On the eve of what pundits are calling “historic mid-term elections,” I have only one message to share. If you haven’t already done so, VOTE.

There is a fear many voters will stay home out of apathy, disgust, discouragement or because they lack a compelling local or national reason to trek to the polls. It’s human nature to gravitate towards the excitement of picking a president, or elevating to office a person we regularly see in the supermarket. For many this election season, those reasons are missing.

We must still go and, using the ballot, share our thoughts.

In 1980, I was disappointed I couldn’t vote for Jimmy Carter. I was too young to participate in the electoral process, but I followed the campaign just as if I could. Two years later, I was old enough. I prepared to vote and did.

Every election since – at least as well as I can remember – I’ve gone to the polls and pulled the lever or tapped the touch screen. Since the privilege was conferred on me, I have tried to use every opportunity to exercise it.

There have been disappointments. No one was more devastated than I when Al Gore lost to George W. Bush. And no one was more amazed when, despite the lackluster campaign of John Kerry, the people of this nation doomed us to another four years of Bush policies and financial devastation.

There have been high points. The election of Bill Clinton to a second term, in the midst of an ongoing investigation, is one. And of course the election of the first Black president of the United States, Barack H. Obama, ranks right up there.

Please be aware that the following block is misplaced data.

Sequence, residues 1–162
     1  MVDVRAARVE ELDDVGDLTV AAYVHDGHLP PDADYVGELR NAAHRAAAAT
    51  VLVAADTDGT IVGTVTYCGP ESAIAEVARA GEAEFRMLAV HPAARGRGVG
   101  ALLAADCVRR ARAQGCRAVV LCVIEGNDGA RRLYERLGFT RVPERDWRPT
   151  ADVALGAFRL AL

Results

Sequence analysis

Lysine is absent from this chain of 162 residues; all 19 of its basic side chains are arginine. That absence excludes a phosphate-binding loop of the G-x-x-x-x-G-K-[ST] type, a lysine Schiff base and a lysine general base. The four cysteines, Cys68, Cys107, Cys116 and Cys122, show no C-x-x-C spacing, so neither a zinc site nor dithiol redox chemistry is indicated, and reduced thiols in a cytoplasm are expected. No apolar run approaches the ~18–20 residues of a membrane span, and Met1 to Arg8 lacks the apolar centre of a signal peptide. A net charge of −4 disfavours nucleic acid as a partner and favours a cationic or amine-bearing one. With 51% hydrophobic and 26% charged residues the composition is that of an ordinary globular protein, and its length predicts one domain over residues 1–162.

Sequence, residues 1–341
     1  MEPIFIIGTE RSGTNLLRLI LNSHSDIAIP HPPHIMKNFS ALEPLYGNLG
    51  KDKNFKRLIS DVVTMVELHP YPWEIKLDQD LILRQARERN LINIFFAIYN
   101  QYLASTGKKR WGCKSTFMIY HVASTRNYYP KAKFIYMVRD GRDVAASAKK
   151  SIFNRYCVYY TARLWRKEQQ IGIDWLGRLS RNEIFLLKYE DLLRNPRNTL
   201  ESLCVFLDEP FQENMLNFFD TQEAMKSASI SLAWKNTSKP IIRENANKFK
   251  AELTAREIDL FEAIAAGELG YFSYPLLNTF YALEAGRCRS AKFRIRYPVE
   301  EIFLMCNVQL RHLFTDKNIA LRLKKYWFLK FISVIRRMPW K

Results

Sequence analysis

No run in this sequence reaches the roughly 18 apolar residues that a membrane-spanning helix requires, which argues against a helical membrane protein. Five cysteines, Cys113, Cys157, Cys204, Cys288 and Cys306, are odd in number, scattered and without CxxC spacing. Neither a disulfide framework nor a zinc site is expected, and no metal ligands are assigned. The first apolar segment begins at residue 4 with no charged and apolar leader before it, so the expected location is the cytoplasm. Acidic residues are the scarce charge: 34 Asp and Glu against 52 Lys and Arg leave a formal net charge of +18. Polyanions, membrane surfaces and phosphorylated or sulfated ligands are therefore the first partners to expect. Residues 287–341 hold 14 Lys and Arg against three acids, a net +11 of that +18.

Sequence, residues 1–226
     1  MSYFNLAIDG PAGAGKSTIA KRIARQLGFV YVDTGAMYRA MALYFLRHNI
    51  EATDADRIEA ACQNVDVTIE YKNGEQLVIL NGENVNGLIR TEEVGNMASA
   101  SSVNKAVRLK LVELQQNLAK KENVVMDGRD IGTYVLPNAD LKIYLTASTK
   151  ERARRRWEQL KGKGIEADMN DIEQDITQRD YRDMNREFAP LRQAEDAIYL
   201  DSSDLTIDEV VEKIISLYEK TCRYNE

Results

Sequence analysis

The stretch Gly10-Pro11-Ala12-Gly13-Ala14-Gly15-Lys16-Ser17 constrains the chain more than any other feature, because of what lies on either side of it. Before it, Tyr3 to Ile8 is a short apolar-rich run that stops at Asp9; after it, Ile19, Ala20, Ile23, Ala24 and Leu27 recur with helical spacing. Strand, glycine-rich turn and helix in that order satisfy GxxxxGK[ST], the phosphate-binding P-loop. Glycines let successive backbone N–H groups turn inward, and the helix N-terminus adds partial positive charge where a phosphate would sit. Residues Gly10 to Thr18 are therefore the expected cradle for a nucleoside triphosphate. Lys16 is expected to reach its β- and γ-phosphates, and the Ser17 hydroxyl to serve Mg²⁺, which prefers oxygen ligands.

The good, the bad, and the too devastating to swallow, in every election my voice was included. I have braved the rain, snow, long lines, excessive waiting and what I considered “no viable choices” to cast my vote, even if it was for my favorite write-in candidate “None of the above.”

Why am I telling you all this? I’m sharing this because I want you to VOTE. I understand that it sometimes seems pointless and discouraging. Despite all the reasons, reasons which have come close to derailing my resolve, voting is important. If we do not include our voice with others of like mind, we will never have the collective strength necessary to change things.

We saw the strength and power of our individual votes when we elected a leader of the free world that looks like us, African-American. It wouldn’t have been possible without large numbers of voters using the ballot to share their thoughts. Believe it or not, there is no less at stake in this election.

Our country is in a serious predicament, with real troubles. We need people in office committed to solving problems, not committed to blocking the implementation of ideas that can make a difference. We need elected officials that govern based on the present needs of American citizens. We need elected officials that lead, based not on partisan marching orders, but in ways addressing with reason and empathy the diverse and complex issues of our economy, educational systems, health care and employment. We have lived through years of congressional gridlock. Those years are more than partially responsible for our current national circumstances.

For our president to get the job done, for our elected officials to get the job done, you must cast your vote for the candidates supporting the issues most important to you. Send to Congress and all your local legislative bodies the candidates needed to keep the country moving out of this mess.

I wish I could guarantee that if you VOTE, your candidates will win and everything will get fixed. But what I can guarantee is saying nothing, changes nothing. It all starts with you and your vote. Go to the polls on Nov. 2 and participate in furthering the change America needs to survive. VOTE!

Talibah Chikwendu is the Executive Editor for the AFRO-American Newspapers and a former columnist for the newspaper.


Talibah Chikwendu

Special to the AFRO